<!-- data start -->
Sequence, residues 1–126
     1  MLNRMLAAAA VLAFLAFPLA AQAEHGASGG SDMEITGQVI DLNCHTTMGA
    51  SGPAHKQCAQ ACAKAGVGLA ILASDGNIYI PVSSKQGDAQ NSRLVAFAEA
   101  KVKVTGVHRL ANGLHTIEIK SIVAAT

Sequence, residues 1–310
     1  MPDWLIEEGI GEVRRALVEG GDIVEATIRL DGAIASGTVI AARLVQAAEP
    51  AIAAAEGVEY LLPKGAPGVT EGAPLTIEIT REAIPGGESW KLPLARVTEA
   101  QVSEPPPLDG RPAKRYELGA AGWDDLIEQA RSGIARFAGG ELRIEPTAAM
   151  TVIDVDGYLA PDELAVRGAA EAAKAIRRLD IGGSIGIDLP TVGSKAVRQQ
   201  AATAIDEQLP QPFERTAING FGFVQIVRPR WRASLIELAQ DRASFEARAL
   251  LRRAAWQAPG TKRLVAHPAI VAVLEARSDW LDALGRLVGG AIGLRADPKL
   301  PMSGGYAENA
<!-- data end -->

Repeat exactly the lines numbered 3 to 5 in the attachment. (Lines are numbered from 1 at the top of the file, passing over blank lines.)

    51  SGPAHKQCAQ ACAKAGVGLA ILASDGNIYI PVSSKQGDAQ NSRLVAFAEA
   101  KVKVTGVHRL ANGLHTIEIK SIVAAT

Sequence, residues 1–310